The One Minute Manager | Notes & Review

Posted on May 15, 2010


Kenneth Blanchard & Spencer Johnson. The One Minute Manager. Berkeley Books, 1982. (111 pages)

“In this brief story, we present you with a great deal of what we have learned from our studies in medicine and in the behavioral sciences about how people work best with other people.” (9)

By “best,” we mean how people produce valuable results, and feel good about themselves, the organization and the other people with whom they work. (9)

The allegory begins with a man searching out for an effective manager. Most were “autocratic–I keep on top of the situation; bottom-line, hard-nosed, realistic, profit-minded.” “He heard the pride in their voices and their interest in results. (13) Some were “democratic, participative, supportive, considerate, humanistic.” (14) “He heard the pride in their voices and their interest in people.” (14) “It was as though most managers in the world were primarily interested either in results or in people.” (15)

Effective managers manage themselves and the people they work with so that both the organization and the people profit from their presence. (15)

He finally finds one to interview who “listens while his people review and analyze what they’ve accomplished, the problems they had, and what still needs to be accomplished.” Yet, “I don’t believe in participating in any of my people’s decision-making.” But he’s not results-oriented, or people oriented. “How on earth can I get results if it’s not through people? I care about people and results. They go hand in hand.”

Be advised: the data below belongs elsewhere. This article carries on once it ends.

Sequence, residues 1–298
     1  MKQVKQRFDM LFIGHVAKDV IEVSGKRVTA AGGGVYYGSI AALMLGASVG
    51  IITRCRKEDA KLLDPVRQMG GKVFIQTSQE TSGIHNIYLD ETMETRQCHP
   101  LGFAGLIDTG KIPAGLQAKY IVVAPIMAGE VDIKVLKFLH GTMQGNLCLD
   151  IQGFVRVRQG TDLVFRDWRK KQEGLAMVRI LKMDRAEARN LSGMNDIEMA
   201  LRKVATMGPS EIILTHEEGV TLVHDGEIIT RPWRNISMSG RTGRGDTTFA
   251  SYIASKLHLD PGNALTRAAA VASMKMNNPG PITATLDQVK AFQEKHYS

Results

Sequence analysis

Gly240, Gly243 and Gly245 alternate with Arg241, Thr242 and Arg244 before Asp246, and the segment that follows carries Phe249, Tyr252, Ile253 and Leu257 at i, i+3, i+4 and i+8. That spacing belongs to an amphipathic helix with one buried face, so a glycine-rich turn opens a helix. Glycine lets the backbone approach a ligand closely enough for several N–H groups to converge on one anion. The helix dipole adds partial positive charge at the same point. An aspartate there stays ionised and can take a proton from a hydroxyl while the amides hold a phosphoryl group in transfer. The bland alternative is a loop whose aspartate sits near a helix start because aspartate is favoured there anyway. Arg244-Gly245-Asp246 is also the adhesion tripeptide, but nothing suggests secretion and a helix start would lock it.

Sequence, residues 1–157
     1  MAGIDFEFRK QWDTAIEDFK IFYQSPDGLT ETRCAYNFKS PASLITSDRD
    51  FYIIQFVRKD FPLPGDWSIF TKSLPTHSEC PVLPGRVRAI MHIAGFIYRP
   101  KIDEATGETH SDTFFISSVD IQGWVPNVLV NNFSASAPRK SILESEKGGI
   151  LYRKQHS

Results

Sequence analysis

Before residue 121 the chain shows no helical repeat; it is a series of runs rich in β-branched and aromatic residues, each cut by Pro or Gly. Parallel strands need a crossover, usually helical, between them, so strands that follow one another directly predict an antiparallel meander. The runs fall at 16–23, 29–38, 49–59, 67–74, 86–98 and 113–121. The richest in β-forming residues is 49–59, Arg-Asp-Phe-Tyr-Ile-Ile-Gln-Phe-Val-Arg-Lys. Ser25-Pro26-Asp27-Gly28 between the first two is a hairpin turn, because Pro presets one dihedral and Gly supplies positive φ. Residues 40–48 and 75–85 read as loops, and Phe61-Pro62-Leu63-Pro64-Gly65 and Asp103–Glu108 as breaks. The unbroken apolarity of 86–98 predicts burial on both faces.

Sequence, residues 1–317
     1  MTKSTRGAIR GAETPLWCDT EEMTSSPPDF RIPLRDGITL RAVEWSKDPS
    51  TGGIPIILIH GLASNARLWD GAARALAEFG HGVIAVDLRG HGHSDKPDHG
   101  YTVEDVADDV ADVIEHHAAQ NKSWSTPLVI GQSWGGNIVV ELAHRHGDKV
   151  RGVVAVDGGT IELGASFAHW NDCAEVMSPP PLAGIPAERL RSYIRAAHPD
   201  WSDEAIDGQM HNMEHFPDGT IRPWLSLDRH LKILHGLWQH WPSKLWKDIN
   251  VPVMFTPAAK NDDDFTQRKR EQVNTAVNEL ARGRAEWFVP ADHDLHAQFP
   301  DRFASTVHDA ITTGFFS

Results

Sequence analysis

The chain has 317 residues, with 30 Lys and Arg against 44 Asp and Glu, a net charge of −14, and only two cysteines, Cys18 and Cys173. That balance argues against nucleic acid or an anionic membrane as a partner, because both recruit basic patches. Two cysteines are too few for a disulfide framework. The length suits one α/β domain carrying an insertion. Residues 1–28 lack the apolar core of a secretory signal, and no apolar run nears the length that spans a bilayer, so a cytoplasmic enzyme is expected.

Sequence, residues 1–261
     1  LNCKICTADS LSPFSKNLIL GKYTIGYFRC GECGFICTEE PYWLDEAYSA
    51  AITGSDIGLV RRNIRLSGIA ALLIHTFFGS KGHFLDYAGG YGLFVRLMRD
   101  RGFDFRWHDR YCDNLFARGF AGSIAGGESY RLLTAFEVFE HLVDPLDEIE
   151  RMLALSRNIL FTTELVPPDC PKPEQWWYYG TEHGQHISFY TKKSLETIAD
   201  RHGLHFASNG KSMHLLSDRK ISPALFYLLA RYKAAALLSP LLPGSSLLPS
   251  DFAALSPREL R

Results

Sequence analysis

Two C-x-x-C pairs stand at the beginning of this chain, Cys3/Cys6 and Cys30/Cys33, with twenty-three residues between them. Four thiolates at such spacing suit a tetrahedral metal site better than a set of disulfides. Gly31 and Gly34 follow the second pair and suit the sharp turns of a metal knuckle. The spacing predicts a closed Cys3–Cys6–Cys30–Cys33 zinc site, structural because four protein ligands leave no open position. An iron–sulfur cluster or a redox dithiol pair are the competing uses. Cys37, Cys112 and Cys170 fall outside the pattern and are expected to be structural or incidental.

People Who Feel Good About Themselves Produce Good Results

“Productivity is both quantity and quality, and the best way to achieve both of these results is through people.” (21)

One Minute Goal Setting: Always make clear what our responsibilities are and what we are being held accountable for. Once it has been communicated, it is recorded on no more than a single page. The One Minute Manager feels that a goal, and its performance standard, should take no more than 250 words to express. He insists that anyone be able to read it within a minute.

Is there one for every goal? Yes. Wouldn’t there be a lot of pages? No. 80/20. 80% of our really important results will come from 20% of your goals.

The philosophy of the One Minute Goal Setting is “no surprises”–everyone knows what is expected from the beginning. (29)